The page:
JACKSON BIRD'S first ball passed unremarkably, but the crowd clapped anyway because he was new to Test cricket and because this was Boxing Day at the MCG.
So sounded the first soft note of a crescendo. It was followed by a throaty roar in the next over when Bird took his first wicket, bigger and louder roars from a crowd of more than 67,000 as Bird, Peter Siddle and Mitch Johnson ripped the heart out of Sri Lanka's batting, and yet more bellows of affirmation as Dave Warner looked like he would pick off the runs by himself, and before nightfall.
Only in the last hour, as Australia gifted Sri Lanka three wickets, and was spared two more by dropped catches, and the crowd thinned as the annual migration to the beach began, and a post-Christmas torpor settled on those who stayed, did the encores subside.
There was another well-pleased debutant yesterday. Hours before play, as some breakfasted on eggs and some on beer, new MCG curator David Sandurski broke from his stage-setting duties to pre-empt a pitch that would be grassy on top, but granite-hard beneath, in the long Australian tradition.
His pitch proved as true as his word. Sri Lanka, for all its batting prowess, was at a loss to know how to cope with it, going at the bowling either too hesitantly or too assertively and then utterly recklessly until its capitulation was complete. Only elegant veteran Kumar Sangakkara got the tempo right, at one stage dwelling on 20 balls without scoring, then stroking Johnson for 15 in four balls, parry and thrust. This was Sri Lanka's only substantial act of resistance.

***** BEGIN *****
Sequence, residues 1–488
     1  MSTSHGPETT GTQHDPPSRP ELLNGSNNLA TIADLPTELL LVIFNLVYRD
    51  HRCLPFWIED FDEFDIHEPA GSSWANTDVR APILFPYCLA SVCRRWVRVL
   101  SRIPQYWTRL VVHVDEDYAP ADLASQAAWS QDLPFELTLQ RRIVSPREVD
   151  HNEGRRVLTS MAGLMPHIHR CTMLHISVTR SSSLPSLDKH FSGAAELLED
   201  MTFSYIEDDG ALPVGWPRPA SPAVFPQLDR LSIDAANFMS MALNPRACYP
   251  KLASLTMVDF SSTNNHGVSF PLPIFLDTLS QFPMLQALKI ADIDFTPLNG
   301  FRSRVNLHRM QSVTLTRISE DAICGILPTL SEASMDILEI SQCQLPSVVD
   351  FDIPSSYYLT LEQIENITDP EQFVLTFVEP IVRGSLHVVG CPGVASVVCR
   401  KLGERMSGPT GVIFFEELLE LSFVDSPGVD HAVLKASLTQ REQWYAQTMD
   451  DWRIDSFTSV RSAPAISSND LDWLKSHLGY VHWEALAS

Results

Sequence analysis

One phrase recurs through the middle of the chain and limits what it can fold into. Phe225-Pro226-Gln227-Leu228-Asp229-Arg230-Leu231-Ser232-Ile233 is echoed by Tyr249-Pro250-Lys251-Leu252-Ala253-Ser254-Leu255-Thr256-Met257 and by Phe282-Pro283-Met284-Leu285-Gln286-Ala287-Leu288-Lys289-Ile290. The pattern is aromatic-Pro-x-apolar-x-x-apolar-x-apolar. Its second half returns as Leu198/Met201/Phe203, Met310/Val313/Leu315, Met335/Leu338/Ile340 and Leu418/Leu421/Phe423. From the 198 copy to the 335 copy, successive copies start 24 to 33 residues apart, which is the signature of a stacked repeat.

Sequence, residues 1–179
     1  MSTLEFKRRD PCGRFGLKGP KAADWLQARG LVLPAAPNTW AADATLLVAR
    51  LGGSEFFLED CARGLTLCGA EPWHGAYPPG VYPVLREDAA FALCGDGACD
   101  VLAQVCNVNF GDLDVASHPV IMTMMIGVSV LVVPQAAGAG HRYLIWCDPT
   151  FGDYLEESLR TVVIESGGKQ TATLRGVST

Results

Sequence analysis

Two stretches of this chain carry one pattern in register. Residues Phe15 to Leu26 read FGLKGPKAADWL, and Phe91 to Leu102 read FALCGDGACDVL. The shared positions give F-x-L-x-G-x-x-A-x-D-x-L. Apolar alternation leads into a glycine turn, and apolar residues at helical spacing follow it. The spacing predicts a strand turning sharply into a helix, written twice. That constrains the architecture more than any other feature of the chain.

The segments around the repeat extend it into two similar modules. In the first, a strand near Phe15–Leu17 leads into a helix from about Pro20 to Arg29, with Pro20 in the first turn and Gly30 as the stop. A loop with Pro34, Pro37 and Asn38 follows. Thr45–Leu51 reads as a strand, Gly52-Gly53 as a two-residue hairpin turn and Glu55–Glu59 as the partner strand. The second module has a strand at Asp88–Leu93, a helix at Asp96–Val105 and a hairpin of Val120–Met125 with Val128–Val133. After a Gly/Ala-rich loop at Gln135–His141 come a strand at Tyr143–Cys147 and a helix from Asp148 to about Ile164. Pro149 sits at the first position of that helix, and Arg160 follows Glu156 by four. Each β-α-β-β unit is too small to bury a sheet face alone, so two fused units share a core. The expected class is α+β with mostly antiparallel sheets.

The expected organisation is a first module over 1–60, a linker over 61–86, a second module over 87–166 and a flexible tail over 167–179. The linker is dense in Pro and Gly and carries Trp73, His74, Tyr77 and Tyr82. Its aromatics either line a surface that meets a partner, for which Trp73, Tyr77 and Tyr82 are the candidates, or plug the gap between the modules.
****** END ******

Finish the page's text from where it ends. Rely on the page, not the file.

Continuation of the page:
En route, Sangakkara became just the 11th man to post 10,000 Test runs, from the same number of innings and at a higher average than the more feted Sachin Tendulkar and Brian Lara, and one innings fewer than Ricky Ponting. None of them had to do a sideline in wicketkeeping, as Sangakkara did again yesterday afternoon because of injury.
To be fair, Sri Lanka's paltry innings was the outcome not so much of a collapse as a detonation. Sometimes this summer, Australia's attack has looked not so much to be rotating as spinning out of selectorial control. Yesterday it emerged in yet another untried menage.
But you would never have known it. Bowling McDermott theory - pitch up and at the stumps, invite the drive, give the ball scope to swing - not one of the Australians gave the Sri Lankan batsmen a moment's respite. It had the effect of a siege. Johnson was hit for eight fours, all by Sangakkara, but unlike the Johnson of yore, this was not profligacy. It was the price he was prepared to pay as he sought to engage the Sri Lankan top order sometimes by the carrot, sometimes by the stick. Against the tail, it was strictly stick.
Bird was this day's revelation. He is tall, uses his height well, has a reliable aim and does a tidy line in outswing. Affecting cool at the end of his first over he took his cap, but walked to the wrong side of the ground, a classic beginner's lesson.
It was until the break of innings the last false step by an Australian. All catches were held, including one on the rocketing rise by Mike Hussey at uncustomary second slip, and a screamer by wicketkeeper Matthew Wade, tracking Sangakkara's top edge over his shoulder as it looped towards the sightscreen. Even Australia's manners were impeccable. At lunch, most went to Sangakkara to complement him on his milestone. It was the sort of nicety, suspending combat, that sometimes sets cricket apart.
Initially, Australia chased like a gallivanting puppy: 90 arrived at more than five an over.
Then, suddenly, Warner fell into an obvious trap at deep square leg, Phil Hughes authored yet another run-out - his this time - and Cowan edged to slip. Shane Watson and Michael Clarke might have fallen, too. This recast Australia plays boldly, but lacks the utter ruthlessness of old.